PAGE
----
Portland roofing company to pay $1.45M for air pollution
Oregon environmental regulators have settled the largest fine in the agency's history with a North Portland roofing company that was penalized for air pollution spanning 10 years.
Herbert Malarkey Roofing Co. will pay $1.45 million for air quality violations at its facility at 3131 N. Columbia Blvd., officials with the Oregon Department of Environmental Quality announced Friday, July 29.
The company makes shingles and other roofing materials from its facility in Portland's Kenton neighborhood.
The penalty stems from air pollution that occurred after the company modified one of the facility's emissions units in 2009. Company officials failed to notify DEQ of the modification and install proper pollution control equipment, according to DEQ.
In 2018, the company self-reported that it may have been emitting more of the chemical formaldehyde into the surrounding community than it previously thought. The company and DEQ confirmed emissions were elevated after testing in 2019.
Exposure to formaldehyde has been linked to multiple types of cancers, according to the National Cancer Institute. It also can cause other serious health effects such as nausea, skin irritation and a burning sensation in the eyes, nose and throat, DEQ officials said.
The company installed pollution controls in July 2020 that are at least 96% effective, according to DEQ.
The final $1.45 million fine was reduced from a $2.1 million fine DEQ issued the company last fall. Officials reduced the fine after the company demonstrated that it had avoided fewer costs from the violations than previously thought, according to DEQ.
The settlement agreement between the company and DEQ includes actions to support both short- and long-term environmental compliance, DEQ officials said.
Malarkey must submit for DEQ approval a monitoring plan for the pollution controls installed in 2020 within 45 days. The company also must report to DEQ monthly to confirm the pollution controls are operating effectively.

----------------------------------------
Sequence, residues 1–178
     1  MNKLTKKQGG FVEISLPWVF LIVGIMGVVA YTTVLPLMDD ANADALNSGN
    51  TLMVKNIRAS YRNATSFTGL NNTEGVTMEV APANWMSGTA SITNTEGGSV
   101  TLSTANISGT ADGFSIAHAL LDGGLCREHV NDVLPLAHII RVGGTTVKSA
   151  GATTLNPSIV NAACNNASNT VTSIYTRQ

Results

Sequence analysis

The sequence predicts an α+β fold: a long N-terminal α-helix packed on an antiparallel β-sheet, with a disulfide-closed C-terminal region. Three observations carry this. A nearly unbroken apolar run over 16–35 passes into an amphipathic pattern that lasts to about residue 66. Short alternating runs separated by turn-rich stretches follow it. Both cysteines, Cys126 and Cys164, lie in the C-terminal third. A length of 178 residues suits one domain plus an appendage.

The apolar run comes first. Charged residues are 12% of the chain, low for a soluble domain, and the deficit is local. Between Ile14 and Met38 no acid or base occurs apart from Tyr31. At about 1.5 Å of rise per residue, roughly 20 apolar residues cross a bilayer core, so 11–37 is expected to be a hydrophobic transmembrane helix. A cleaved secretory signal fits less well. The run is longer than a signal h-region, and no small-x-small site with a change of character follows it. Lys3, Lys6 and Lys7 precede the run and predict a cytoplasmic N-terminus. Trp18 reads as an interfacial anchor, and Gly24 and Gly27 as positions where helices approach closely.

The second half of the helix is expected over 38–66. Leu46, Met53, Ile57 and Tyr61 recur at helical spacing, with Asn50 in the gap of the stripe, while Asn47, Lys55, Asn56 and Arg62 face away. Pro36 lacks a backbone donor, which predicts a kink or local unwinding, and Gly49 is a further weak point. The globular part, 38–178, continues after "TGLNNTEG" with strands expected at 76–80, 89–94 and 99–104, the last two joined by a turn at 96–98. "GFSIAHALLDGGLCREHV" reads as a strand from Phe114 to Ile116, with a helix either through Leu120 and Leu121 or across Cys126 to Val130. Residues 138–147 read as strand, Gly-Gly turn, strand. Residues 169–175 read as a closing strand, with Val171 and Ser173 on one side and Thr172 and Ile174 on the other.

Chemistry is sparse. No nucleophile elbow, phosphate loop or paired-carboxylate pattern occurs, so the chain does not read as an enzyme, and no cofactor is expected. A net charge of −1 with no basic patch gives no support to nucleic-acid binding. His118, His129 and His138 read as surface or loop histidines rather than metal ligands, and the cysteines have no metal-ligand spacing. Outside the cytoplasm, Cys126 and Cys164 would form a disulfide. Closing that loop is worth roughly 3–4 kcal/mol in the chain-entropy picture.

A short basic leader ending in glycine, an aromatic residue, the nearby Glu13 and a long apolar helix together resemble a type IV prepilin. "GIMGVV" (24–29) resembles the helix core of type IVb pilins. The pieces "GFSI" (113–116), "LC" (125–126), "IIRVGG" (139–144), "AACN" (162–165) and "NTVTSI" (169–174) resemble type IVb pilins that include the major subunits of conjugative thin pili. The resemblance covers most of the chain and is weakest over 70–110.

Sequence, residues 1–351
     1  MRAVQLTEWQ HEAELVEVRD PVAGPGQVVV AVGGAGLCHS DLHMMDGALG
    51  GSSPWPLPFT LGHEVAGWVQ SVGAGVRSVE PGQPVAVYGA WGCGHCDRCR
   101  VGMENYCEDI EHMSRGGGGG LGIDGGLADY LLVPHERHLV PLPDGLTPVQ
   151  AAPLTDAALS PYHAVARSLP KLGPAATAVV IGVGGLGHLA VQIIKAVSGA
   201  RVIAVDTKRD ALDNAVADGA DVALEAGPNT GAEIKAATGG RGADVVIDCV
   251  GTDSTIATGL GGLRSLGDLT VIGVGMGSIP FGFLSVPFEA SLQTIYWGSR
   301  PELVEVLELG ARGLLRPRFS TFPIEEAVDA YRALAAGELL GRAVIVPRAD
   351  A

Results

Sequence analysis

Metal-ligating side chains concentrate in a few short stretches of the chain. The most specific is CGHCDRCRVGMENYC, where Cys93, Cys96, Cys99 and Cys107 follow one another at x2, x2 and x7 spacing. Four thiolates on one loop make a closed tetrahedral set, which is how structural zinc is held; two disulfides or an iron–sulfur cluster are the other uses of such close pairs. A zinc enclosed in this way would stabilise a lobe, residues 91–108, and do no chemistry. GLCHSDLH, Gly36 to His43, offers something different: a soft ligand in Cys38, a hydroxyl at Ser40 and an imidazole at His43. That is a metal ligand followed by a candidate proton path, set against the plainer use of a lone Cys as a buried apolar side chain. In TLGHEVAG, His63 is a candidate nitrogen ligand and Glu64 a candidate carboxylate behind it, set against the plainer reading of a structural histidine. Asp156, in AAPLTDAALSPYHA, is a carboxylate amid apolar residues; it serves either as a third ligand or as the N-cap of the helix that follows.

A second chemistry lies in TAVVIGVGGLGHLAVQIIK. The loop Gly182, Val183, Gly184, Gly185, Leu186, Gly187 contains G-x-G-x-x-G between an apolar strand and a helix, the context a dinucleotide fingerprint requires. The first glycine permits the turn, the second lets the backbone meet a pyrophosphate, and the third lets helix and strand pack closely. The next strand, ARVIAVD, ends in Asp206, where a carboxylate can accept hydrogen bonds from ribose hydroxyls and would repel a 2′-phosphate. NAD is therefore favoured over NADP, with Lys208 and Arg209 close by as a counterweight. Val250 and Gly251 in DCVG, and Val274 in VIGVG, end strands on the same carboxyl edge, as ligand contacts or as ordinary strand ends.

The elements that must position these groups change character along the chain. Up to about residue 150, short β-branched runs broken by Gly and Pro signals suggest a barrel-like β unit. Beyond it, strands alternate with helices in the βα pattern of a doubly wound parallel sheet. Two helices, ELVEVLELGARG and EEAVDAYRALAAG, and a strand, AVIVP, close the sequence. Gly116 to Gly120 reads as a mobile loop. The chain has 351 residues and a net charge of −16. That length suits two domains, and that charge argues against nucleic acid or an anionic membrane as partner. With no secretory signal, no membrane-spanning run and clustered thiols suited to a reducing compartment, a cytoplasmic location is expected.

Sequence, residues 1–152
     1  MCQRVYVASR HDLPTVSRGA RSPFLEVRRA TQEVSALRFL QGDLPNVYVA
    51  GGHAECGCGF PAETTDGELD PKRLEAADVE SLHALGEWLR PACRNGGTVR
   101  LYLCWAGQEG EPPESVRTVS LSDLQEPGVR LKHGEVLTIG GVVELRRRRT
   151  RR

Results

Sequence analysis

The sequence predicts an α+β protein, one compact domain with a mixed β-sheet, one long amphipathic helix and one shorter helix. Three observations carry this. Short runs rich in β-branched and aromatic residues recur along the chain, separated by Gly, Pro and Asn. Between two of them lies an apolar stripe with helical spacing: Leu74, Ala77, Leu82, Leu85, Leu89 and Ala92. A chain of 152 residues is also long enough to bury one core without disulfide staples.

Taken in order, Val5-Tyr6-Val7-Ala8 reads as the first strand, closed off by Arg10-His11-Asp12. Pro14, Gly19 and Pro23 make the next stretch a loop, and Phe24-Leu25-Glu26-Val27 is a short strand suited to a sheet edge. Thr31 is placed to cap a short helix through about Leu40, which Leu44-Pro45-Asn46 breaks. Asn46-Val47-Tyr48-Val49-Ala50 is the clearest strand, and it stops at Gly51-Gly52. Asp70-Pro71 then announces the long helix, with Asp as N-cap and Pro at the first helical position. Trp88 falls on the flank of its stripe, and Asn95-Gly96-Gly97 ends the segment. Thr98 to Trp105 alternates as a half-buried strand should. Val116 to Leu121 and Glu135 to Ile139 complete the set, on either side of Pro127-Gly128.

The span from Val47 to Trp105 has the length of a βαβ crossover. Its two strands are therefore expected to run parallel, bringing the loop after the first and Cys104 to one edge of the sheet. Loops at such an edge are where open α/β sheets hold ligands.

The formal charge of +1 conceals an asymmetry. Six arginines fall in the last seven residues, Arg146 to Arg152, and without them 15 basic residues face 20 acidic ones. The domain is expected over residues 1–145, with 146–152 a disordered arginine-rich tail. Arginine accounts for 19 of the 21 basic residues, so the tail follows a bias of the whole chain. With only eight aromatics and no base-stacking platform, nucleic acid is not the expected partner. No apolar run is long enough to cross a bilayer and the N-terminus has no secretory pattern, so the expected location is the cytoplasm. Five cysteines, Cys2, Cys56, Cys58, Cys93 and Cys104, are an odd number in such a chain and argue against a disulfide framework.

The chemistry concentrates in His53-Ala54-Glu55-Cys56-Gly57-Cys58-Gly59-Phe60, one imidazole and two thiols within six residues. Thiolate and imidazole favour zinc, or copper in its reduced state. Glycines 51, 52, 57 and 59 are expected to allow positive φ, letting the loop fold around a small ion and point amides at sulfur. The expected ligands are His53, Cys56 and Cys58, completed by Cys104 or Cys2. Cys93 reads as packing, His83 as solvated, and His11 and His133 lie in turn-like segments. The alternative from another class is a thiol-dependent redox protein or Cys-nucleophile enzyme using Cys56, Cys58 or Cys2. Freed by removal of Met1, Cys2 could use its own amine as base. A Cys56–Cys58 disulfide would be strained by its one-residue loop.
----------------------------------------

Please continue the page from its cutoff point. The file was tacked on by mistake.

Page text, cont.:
The company has the option to pay $1.16 million of its fines toward DEQ-approved projects that would provide air quality benefits to the community, called "supplemental environmental projects." If Malarkey doesn't identify projects that meet DEQ requirements, the company must pay the remaining $1.16 million to the state.
Such projects "are a critical remedy for the communities harmed by environmental violations," said Kieran O'Donnell, manager of DEQ's Office of Compliance and Enforcement. "This agreement puts Malarkey on track for compliance and gives the company the opportunity to engage with the surrounding community to rectify the violations."
The company intends to fund tree-planting in North Portland with the nonprofit Friends of Trees as one supplemental project, Malarkey officials said in a statement.
"We are committed to operate according to the highest standards of health, safety and environment across all our sites," said Dale Rushing the company's president. "That's why we took immediate corrective action and resolved the air emission issue once we became aware of it."
Malarkey has been "rooted in the North Portland community for 70 years," Rushing continued. "We take our responsibility as a neighbor very seriously and are looking forward to working together with local organizations to fund their environmental projects."
Yashar Vasef, director of Friends of Trees, said Malarkey's plan to partner with the nonprofit comes at a great time.
"The proposed project area is in a historically low canopy area," Vasef said. "With this opportunity, we can continue making North Portland a more verdant and healthier neighborhood in the city."
Malarkey also is discussing how to support renewable energy projects in low-income and communities of color with the Bonneville Environmental Foundation, officials said, adding that they will announce more projects in the coming months.
In March, Malarkey was acquired by the Switzerland-based company The Holcim Group in a deal valued at $1.35 billion. Malarkey was founded in 1956 by Herbert Malarkey. The company employed 600 people at its three facilities in Portland; South Gate, California; and Oklahoma City, Oklahoma.
Editor's note: This story has been updated with comments from Malarkey's president and the director of Friends of Trees.
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